The Pakistan Refinery Ltd (PRL) will spend around $1.2 billion for the upgrade and expansion of its operational capacity, a top official said on Saturday.
The PRL will expand its capacity by doubling it to 100,000bpd from the current nameplate of 50,000bpd, while converting to deep conversion from the existing hydro skimming,” said Zahid Mir, Managing Director & CEO of PRL talking to The News. “Rest of the refineries will upgrade their units to meet Euro V specification products, while substantially reducing the production of furnace oil, and are expected to be completed in five years.”
Mir said following the completion of upgrade and expansion, the production of furnace oil would significantly fall from the existing 30 percent and output of diesel and motor gasoline would substantially increase. He said currently there were five refineries in operation in Pakistan with annual capacity of 3 million to 3.2 million tonnes of furnace oil. “Other refineries have different plans to upgrade and hence the cost would vary from refinery to refinery.”
The GRMs (Gross Refinery Margins) are different for different refineries and are based on the nature of crude and the yields. International cracking margins for diesel and petrol have improved in the recent months; currently hovering around $30/barrel from $5 last year providing opportunity of windfall profits to the Pakistani refineries offsetting years of heavy losses.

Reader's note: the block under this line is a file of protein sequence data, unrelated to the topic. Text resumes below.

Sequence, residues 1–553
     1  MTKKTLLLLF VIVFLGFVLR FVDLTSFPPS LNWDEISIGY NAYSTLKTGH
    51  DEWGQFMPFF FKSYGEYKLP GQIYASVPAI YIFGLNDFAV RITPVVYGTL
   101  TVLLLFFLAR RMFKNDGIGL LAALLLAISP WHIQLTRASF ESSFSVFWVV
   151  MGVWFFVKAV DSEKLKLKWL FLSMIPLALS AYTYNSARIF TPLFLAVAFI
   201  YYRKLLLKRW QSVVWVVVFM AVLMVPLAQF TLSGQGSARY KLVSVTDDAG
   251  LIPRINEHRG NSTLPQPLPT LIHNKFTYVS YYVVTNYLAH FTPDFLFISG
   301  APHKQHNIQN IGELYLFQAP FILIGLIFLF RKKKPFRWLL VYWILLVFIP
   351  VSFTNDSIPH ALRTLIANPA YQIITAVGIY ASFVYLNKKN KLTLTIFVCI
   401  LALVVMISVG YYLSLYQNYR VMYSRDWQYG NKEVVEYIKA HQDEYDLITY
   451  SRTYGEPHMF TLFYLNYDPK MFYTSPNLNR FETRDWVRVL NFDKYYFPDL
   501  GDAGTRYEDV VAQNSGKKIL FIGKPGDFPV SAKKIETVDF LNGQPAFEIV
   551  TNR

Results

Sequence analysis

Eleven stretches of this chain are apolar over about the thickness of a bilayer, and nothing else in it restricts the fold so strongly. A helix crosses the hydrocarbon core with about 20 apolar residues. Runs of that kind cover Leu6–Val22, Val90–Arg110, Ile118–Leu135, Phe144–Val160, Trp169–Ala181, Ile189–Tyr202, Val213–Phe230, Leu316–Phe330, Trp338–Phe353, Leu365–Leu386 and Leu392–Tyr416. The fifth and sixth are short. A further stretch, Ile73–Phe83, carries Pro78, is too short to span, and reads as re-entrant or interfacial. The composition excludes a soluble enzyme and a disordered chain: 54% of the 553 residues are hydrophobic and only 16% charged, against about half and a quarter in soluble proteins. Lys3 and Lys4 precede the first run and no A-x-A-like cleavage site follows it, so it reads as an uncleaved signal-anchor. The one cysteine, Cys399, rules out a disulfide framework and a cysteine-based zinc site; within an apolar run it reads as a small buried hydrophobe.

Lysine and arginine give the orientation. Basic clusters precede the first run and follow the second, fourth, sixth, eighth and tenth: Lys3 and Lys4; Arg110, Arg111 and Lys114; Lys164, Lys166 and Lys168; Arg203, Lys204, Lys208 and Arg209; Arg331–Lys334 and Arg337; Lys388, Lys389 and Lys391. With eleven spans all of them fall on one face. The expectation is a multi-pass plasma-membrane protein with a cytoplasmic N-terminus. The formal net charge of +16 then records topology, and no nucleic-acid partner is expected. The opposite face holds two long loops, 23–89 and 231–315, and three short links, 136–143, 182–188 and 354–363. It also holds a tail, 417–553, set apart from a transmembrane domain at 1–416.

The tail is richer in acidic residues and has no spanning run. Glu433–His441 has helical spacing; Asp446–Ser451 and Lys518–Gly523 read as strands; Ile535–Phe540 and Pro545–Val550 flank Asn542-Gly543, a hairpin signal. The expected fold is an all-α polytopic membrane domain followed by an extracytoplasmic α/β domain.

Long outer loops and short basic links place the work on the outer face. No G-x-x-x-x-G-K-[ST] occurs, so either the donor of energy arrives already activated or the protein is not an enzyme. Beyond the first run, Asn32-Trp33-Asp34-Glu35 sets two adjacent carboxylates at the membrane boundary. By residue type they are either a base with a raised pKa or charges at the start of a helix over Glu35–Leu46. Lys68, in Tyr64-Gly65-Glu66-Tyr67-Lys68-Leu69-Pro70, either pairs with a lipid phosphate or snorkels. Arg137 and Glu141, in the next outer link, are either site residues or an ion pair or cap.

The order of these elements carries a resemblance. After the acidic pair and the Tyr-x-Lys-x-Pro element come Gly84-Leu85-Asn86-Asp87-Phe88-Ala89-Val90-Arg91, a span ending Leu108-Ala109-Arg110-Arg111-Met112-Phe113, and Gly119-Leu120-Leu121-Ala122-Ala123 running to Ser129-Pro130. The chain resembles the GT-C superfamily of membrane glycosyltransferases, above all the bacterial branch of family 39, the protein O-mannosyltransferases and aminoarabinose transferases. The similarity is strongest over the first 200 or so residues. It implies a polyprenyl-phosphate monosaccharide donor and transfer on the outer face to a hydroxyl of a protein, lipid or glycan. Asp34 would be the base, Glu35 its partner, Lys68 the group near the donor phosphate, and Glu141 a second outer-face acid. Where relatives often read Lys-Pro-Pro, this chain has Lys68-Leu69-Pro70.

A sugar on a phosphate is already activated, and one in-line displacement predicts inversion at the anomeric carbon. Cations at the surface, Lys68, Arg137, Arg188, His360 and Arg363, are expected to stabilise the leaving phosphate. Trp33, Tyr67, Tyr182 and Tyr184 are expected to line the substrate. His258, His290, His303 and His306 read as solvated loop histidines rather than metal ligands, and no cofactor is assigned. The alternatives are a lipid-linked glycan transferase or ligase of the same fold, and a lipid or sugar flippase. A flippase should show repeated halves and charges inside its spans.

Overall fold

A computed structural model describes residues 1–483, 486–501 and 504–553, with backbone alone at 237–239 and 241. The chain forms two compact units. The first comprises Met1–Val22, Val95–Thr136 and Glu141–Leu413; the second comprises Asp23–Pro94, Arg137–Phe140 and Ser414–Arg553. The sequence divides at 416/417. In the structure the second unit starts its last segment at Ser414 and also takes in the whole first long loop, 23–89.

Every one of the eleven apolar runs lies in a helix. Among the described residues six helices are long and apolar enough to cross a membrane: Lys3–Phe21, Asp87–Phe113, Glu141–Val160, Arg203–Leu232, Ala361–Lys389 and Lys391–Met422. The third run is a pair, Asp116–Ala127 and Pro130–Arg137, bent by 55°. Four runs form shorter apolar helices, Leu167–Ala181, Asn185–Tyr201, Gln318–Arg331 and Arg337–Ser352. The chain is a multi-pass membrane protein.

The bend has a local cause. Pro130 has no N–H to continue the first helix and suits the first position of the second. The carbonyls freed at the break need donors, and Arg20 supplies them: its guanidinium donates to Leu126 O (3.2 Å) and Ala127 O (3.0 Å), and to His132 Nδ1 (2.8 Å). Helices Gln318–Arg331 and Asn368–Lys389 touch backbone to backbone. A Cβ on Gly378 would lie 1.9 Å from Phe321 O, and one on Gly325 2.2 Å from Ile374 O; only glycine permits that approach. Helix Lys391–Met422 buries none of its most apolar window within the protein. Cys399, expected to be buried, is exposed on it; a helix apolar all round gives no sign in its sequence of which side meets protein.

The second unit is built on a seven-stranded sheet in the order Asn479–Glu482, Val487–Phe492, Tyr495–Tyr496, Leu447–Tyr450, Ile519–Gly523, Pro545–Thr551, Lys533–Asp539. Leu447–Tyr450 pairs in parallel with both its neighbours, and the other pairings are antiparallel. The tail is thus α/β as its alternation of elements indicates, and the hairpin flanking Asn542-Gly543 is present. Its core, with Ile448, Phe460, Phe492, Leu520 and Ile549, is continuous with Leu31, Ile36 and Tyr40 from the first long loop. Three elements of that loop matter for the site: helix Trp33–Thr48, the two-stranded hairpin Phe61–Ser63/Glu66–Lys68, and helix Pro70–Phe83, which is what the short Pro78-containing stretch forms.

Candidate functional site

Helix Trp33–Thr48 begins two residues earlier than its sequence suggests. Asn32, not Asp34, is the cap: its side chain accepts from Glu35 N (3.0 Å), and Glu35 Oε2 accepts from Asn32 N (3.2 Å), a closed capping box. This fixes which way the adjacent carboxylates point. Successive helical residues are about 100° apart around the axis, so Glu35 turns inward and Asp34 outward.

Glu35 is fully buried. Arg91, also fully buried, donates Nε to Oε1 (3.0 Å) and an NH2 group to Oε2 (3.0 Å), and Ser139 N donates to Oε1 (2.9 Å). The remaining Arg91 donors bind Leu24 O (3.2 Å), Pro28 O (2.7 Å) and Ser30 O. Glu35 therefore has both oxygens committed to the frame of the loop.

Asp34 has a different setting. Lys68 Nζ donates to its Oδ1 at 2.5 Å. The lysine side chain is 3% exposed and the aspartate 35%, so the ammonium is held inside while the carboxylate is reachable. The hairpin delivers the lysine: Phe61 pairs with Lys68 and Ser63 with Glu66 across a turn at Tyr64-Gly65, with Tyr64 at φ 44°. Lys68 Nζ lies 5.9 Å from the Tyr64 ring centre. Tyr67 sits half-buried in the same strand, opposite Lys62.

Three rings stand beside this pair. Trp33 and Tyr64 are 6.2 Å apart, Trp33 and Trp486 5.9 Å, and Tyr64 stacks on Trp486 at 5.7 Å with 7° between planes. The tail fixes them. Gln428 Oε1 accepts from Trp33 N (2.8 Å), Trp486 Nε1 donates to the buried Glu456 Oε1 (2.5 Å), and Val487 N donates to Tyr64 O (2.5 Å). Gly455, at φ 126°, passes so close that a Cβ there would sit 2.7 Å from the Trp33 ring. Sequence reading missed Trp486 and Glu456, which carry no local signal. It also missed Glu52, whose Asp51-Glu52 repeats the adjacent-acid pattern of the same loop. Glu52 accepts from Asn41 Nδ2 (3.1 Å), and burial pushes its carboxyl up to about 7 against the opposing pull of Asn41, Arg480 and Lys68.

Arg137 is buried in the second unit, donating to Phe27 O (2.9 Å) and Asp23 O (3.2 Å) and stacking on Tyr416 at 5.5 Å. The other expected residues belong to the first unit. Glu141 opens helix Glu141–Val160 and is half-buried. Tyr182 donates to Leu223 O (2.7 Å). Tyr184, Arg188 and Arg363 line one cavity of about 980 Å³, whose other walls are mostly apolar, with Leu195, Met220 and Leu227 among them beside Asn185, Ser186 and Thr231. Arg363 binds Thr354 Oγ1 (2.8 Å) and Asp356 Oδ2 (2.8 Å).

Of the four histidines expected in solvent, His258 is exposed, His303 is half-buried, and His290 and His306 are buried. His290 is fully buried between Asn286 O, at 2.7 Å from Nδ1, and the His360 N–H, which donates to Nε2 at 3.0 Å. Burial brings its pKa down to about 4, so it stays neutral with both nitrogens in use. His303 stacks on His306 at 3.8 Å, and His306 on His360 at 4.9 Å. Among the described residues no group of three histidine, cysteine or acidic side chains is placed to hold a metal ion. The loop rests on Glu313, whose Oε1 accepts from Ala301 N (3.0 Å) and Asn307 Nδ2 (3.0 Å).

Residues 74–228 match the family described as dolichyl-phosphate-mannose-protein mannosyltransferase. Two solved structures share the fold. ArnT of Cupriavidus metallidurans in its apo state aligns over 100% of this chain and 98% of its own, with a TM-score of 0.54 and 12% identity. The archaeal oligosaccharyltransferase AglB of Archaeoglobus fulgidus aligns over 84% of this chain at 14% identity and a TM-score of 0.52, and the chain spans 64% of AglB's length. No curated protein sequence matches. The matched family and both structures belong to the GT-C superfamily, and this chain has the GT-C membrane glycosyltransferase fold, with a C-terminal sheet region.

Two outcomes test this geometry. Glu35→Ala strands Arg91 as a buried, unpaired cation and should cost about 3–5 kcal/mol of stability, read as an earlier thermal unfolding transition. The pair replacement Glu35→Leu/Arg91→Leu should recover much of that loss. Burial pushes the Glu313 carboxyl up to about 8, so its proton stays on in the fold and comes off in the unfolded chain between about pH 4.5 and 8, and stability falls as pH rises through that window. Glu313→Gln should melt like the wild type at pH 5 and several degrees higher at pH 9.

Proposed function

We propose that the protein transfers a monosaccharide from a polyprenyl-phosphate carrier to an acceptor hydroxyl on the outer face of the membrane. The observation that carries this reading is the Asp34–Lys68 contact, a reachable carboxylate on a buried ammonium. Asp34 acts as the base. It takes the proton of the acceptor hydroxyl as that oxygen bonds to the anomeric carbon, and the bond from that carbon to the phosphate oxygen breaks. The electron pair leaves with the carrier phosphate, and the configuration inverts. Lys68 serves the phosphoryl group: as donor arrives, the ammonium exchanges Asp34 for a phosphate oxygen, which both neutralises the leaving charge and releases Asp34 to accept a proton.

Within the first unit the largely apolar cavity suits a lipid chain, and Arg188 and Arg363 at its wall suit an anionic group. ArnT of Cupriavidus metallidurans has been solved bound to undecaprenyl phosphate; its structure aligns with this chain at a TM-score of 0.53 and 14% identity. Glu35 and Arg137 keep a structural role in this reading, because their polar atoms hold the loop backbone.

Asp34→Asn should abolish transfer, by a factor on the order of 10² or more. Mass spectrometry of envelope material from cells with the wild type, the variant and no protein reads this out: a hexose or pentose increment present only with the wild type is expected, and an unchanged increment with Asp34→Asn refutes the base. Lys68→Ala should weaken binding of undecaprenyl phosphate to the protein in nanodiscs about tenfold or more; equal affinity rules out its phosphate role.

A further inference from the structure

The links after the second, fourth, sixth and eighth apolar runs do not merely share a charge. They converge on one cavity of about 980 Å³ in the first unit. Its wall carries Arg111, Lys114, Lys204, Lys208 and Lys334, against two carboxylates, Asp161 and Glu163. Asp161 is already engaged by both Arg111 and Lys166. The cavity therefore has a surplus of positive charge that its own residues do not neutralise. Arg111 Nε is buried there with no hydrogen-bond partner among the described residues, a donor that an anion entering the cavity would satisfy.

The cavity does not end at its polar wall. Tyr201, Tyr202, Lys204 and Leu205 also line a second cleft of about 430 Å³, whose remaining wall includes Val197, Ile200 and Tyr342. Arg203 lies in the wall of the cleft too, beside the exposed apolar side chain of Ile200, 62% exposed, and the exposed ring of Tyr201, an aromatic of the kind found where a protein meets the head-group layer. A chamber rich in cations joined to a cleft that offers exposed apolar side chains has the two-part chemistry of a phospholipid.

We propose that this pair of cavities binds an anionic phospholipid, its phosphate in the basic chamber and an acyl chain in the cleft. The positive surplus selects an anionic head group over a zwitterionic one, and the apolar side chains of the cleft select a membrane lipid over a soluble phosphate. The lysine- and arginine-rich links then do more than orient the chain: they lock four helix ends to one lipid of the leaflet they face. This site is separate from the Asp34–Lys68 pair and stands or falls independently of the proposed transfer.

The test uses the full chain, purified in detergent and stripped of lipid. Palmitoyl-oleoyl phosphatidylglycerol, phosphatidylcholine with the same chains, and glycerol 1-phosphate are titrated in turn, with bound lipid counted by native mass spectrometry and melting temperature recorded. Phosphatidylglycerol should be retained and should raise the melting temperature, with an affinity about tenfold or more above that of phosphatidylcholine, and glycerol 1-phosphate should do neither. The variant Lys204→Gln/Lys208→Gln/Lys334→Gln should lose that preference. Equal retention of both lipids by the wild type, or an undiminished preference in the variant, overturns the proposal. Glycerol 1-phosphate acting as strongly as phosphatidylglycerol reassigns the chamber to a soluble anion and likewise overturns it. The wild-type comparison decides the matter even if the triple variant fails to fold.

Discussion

“Pakistan reliance on local refineries is limited and import dependence is still higher,” the industry official said and added that refineries upgrade, expansion was highly capital intensive and need government incentives to justify huge investments. “The government is working on a policy to encourage upgradation of the existing refineries and investment in a new refinery and is expected to be approved soon,” Mir said.
Refineries usually suffer higher inventory problems during the winter season when the furnace oil demand dries up due to reduction in electricity demand as power plants using furnace oil stop operations and the electricity generation relies on cheaper fuels such as coal, gas, RLNG and nuclear, creating operational issues at the refineries. However, currently the fuel oil demand is very high and apart from the local production huge quantities are being imported by Pakistan State Oil.
The average throughput of all Pakistani refineries currently stands around 75 percent, which last year was around 60 to 65 percent, according to an industry analyst. Currently the demand for petroleum products is high including the furnace oil. The demand for diesel and petrol increased by about 20 percent in the first nine months compared to previous year, while import cost has almost doubled because of higher prices.
Source: This news is originally published by thenews